The Rosetta spacecraft has crash landed onto the surface of the distant comet it has been exploring for the past two years.
European Space Agency (Esa) controllers burst into applause when the crunch ending to the £1 billion mission was confirmed at 12.20pm, UK time.
Rosetta had already been lying in its lonely resting place 485 million miles away on comet 67P/Churyumov-Gerasimenko for nearly an hour, because of the 40 minutes it took for radio signals travel to Earth.
A decision was taken to carry out the “controlled impact” because the comet is taking Rosetta so far from the Sun that soon its solar panels will not be able to generate sufficient power.
The spacecraft came down in the rugged Ma’at region of the comet, which is littered with boulders and deep active pits known to produce jets of gas and dust.
Despite travelling at just 1.1mph the craft was not designed for landing and had no chance of survival.
Esa’s head of mission operations Paolo Ferri said: “I think everybody’s very sad. On the other hand the end of the mission had to come. It was a spectacular way to do it, and we’re quite convinced it was the right thing to do.”
Scientists chose to crash Rosetta on the smaller of the three-mile-long rubber duck-shaped comet’s two lobes, just a few kilometres from where its tiny lander Philae is lodged in a deep crevice.
Rosetta reached comet 67P/Churyumov-Gerasimenko on August 6, 2014, after an epic 10-year journey across four billion miles of space.
The spacecraft and its lander, which bounced onto the surface of the comet on November, 2014, have produced a wealth of data providing valuable clues about the origins of the solar system and life on Earth.
Key discoveries include an unusual form of water not common on Earth and carbon-containing organic molecules that are the building blocks of life.
As Rosetta closed in on the comet its cameras sent back a series of dramatic crystal clear images of the crash site, on the edge of a giant pit named Deir El-Medina.
At the same time, its instruments were busy analysing dust and gas close to the surface of the comet.
A final slightly blurred image was captured when the spacecraft was just five metres from impact. It showed a rough dusty surface strewn with rocks.
Scientists hope the close-up pictures will help them understand how the comet, thought to have been created by the collision of two separate objects, was formed.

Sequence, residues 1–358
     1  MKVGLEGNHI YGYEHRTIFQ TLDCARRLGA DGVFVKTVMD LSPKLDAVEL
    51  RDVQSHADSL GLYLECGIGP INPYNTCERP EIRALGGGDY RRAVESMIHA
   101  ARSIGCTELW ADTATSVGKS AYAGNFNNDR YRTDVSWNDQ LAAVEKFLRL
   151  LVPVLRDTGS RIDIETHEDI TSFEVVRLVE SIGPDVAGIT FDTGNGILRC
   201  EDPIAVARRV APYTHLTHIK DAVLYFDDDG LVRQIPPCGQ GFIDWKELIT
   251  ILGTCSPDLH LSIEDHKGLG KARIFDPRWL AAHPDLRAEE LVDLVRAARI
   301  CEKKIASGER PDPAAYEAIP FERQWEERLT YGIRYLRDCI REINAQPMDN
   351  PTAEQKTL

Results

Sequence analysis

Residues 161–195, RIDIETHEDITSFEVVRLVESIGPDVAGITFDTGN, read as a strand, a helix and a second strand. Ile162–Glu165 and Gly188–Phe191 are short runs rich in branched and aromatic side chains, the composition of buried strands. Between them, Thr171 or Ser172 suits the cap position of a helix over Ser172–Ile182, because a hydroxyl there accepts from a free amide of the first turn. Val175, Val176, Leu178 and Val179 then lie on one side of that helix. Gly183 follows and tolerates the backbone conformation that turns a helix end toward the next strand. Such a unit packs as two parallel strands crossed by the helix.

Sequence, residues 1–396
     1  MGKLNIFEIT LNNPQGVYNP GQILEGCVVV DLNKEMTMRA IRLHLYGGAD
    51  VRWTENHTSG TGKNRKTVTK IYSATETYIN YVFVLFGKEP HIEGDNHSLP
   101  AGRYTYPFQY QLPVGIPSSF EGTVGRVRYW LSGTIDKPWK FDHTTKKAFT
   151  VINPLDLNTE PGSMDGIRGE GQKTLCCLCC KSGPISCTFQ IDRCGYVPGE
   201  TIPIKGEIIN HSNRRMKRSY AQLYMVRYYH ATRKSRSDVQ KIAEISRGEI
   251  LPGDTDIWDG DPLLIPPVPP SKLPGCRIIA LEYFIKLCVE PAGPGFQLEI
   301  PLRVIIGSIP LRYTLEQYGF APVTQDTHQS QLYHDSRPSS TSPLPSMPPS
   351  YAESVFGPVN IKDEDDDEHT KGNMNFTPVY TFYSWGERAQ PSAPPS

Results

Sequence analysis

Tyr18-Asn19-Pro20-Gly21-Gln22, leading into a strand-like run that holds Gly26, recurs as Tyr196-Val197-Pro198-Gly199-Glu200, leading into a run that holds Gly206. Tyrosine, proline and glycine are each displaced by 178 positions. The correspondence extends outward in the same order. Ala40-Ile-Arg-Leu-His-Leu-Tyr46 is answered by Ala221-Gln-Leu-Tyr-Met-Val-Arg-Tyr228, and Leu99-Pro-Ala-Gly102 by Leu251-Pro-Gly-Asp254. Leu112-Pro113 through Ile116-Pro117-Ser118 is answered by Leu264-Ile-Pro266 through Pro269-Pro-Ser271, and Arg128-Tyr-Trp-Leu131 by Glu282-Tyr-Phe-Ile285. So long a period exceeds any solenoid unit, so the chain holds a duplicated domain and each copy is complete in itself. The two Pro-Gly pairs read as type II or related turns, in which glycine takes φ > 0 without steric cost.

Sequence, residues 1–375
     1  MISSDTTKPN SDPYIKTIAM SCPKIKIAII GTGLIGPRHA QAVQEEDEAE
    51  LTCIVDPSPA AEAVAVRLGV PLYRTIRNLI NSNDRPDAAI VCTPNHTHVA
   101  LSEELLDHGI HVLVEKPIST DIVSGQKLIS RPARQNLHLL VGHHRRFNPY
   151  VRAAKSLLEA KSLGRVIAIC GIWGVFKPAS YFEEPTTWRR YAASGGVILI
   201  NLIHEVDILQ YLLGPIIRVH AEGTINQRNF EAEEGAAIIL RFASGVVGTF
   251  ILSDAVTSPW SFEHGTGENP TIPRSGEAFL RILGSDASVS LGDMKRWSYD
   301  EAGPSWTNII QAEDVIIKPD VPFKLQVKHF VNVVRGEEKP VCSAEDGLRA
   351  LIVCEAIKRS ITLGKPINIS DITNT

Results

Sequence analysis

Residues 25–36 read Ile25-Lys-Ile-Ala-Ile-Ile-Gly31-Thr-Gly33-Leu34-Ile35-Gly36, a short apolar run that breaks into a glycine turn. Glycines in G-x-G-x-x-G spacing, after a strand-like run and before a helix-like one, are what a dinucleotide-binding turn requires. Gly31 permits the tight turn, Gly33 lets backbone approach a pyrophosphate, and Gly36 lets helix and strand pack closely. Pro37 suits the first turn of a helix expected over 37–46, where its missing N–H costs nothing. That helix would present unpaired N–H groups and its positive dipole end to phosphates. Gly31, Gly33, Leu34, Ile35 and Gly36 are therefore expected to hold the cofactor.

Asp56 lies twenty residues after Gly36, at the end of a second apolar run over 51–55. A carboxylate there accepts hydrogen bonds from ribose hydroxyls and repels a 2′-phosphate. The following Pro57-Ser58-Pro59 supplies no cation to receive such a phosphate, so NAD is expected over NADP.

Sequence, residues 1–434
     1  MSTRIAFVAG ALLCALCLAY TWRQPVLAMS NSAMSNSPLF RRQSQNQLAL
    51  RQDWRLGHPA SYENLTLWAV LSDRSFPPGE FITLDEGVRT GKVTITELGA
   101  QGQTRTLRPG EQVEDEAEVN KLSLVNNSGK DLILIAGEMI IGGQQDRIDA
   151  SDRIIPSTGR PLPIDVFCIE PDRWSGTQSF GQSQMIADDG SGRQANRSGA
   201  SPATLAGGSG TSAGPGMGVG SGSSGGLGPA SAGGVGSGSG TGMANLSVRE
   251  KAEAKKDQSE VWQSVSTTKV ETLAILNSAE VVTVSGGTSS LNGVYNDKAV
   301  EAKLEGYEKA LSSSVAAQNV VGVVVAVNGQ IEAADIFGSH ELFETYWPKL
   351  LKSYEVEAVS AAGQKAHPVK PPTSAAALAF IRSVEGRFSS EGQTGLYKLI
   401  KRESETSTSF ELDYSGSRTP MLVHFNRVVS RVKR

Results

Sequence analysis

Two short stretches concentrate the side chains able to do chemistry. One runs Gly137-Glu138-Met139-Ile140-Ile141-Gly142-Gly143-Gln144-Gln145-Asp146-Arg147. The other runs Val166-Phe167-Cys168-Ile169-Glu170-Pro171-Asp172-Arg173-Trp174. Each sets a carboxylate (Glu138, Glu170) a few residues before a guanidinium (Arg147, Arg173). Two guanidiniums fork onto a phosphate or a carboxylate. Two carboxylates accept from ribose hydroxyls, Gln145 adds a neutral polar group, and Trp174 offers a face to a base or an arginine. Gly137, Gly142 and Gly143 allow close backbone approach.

Earlier British planetary scientist Professor Monica Grady, from the Open University, who was closely involved in the design of the Philae lander, said she had “very mixed feelings” about the death of Rosetta.
She told BBC News: “It’s been a fantastic mission, but it’s time now to move on to the next one.
“It’s been a tremendous achievement by the European Space Agency, it’s been absolutely amazing.”
The crash was carefully orchestrated from the European Space Operations Centre (Esoc) in Darmstadt, Germany.
Controllers set Rosetta on its final journey by executing a “collision manoeuvre” with a small rocket burn at 9.48pm on Thursday night.
From then on there was no turning back.
Final commands to the orbiter - 249 lines of instructions - were transmitted at 5.40am on Friday.
Mission controllers knew the end had come when radio communication with Rosetta was lost.
A note signed by the team and left on the main control room door at the European Space Operations Centre said: “Farewell Rosetta! We will miss you.”
Rosetta’s British project scientist Dr Matt Taylor, said one of the big surprises was the shape of the comet.
Speaking from Darmstadt, he said: “We’ve seen comets like that before but this duck was striking. It was formed by two smaller comets colliding at low velocity. We then started to look deeper into it, this dark object, covered in dust, full of organics.
“The implications are all over the place. The fact that we found water there, but it wasn’t the same as (on) Earth. But, fundamentally important, going back to the organics again, this stuff could have been delivered by comets to the Earth and formed the ingredients for life, and how that started. It’s brilliant.”
Among the molecules discovered by Rosetta was the amino acid glycine, a common building block of proteins, the raw material of living organisms on Earth.
Dr Taylor added: “Rosetta’s blown it all open, it’s made us have to change our ideas of what comets are, where they came from, and the implications of how the solar system formed and how we got to where we are today.
“We have only just scratched the surface. We have decades of work to do on this data. The spacecraft may end, but the science will continue.”
Dr Taylor said it was important to remember that the mission consisted of both Rosetta and the Philae lander.
Philae made its bumpy landing on November 12 2014, after failing to anchor itself on to the comet’s surface.
It bounced twice and ended up lying crookedly in a dark crack, unable to drill into the ground but still capable of sniffing the surrounding atmosphere.
After maintaining sporadic contact with the lander, Esa switched off Rosetta’s radio link with Philae in July this year.
Philae’s precise location was only discovered on September 2 when Rosetta spotted the craft at a location on the comet’s smaller lobe later named Abydos.
Live video streamed from Darmstadt showed mission controllers clapping and hugging each other when it became clear Rosetta had hit the comet surface.
After a short delay, mission manager Patrick Martin confirmed the end of the spacecraft.
He said: “This is it. I can announce full success of this historic descent of Rosetta towards 67P, and declare hereby the mission operations ended for Rosetta.”